Wednesday’s NAM Model isn’t even the best illustration of this, since it’s still a bit sloppy and doesn’t deepen the storm as much as some other models, but it still deepens enough and still shows some of the necessary processes for heavy snow to use as an example. Notice how on the bottom left panel, you can see that 500mb vorticity is extremely strong, and advecting right into our area: when you have positive vorticity advection, that is a major trigger for strong lifting, which helps to create the pressure falls that lead to more converging surface air, which leads to additional lifting for heavy precipitation development. Additionally, the bottom right panel is the jet stream level, which shows a 130 + knot jet streak just off the coast. We are in the left exit region (left side of where that jet streak ends), which favors a region of upper-level divergence. This means that air at the top of the atmosphere spreads out, and provides an efficient venting vacuum for the air that is rising to be released; that way more converging air at the surface can replace that escaping air and generate more lifting for precipitation. Seeing the left exit region juxtaposed with strong positive vorticity advection is a classic signal for heavy banding of snow. It is one of the reasons why we are seeing such impressive pressure falls on the models.
On the top right, we can see that 850mb temperatures are crashing as the deepening cyclone turns winds to a northerly component, and the dynamics also help to cool the column. Although the air isn’t terribly cold, it would still be cold enough to change areas over to a heavy period of snow, with 1-3″ per hour rates possible.
What could change?
1) Considering the storm is still two to three days away, changes are still likely. One possibility is that the southern stream phasing is just a tad sloppy, allowing energy to run out ahead of the amplifying wave, which would be too early to allow the pattern to truly amplify. This could shunt the storm system out to sea, or provide only a graze. While a graze is possible, an out to sea scenario is very unlikely. This, however, is our biggest concern for this storm system. The potential for the system to be weaker aloft and slower to deepen at the surface would significantly hinder any chance for large snowfall amounts in our area.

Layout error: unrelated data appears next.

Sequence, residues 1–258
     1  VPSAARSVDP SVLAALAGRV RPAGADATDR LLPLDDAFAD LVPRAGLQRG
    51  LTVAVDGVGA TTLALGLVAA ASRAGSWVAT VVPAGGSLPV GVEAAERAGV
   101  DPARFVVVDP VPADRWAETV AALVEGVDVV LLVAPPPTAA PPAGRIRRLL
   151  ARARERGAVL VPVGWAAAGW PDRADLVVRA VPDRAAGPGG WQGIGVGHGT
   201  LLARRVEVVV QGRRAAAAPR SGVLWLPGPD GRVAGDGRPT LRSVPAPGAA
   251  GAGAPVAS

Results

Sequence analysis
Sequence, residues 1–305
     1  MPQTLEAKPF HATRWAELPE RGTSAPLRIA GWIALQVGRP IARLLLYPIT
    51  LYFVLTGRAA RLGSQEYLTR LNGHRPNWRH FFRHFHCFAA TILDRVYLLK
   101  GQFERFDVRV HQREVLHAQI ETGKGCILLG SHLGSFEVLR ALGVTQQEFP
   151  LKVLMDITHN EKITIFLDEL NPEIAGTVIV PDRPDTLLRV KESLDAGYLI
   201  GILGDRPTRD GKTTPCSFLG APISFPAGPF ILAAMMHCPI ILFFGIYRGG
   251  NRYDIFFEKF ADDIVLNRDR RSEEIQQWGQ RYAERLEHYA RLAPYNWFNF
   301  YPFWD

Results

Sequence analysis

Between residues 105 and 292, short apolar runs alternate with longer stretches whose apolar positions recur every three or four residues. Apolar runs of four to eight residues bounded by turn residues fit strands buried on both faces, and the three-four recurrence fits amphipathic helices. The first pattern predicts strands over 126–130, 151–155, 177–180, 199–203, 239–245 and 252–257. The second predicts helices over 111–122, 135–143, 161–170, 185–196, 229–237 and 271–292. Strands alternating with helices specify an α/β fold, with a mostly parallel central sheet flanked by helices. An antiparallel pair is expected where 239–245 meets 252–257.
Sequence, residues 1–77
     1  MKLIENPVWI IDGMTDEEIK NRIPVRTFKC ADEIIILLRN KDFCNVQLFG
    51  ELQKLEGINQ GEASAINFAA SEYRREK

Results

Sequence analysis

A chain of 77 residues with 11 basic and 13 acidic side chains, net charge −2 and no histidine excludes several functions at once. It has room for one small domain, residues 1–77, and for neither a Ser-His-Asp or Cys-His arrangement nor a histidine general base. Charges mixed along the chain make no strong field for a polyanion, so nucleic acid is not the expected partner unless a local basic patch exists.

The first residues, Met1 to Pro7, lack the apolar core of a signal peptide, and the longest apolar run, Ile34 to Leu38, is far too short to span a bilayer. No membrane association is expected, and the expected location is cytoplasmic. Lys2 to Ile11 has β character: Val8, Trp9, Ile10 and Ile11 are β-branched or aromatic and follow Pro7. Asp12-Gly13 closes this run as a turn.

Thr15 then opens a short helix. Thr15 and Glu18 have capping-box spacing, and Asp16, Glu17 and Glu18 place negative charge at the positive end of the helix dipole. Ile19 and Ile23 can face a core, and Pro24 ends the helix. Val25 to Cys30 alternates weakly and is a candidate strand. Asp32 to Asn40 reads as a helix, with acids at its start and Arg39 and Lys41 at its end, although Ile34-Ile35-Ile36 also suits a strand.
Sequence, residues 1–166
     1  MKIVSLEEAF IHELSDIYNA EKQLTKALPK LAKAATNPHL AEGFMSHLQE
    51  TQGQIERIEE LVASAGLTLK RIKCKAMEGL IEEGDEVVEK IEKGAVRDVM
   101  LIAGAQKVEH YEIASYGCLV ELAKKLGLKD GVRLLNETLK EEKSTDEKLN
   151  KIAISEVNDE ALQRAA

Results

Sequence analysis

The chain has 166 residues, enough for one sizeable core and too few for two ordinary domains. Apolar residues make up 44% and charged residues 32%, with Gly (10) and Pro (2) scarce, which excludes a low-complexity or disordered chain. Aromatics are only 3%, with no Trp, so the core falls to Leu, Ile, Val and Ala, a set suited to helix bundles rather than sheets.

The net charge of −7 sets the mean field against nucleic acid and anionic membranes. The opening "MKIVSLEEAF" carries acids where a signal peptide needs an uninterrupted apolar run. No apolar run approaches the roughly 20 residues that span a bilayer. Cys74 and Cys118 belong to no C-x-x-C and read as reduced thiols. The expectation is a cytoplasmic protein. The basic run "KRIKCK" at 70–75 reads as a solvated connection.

2) As alluded to before, the initially stale airmass will be providing some forecasting headaches. If the storm matures just a tad slower, then the stale airmass will become more of a factor in the forecast and create a longer period of rain and sleet, particularly for the coast. This is why we are not yet sold on a snowstorm. That being said, at some point during the storm, the dynamics have a chance to change areas over to heavy snow, and further east areas who were initially warmer could even see more of this heavy banding of snow. It’s quite the tricky forecast.
3) The storm could actually trend more organized, along the lines of the European Model. The European Model verbatim shows a couple of inches of snow, then a few-hour period of rain and sleet, before changing over to several hours of heavy banding of snow, dumping 6-12″+ for a lot of the area. If the mid-level centers of the storm were to mature a few hours earlier, then the winds would turn northerly a bit earlier, allowing for a much more brief period of rain and sleet, and even more heavy snow.
Stay tuned over the next day or so as our forecasters continue to analyze the potential event. We’ll have updates throughout the day on social media and an updated post later today or Friday — including details on another potential winter weather event by Monday. Buckle up!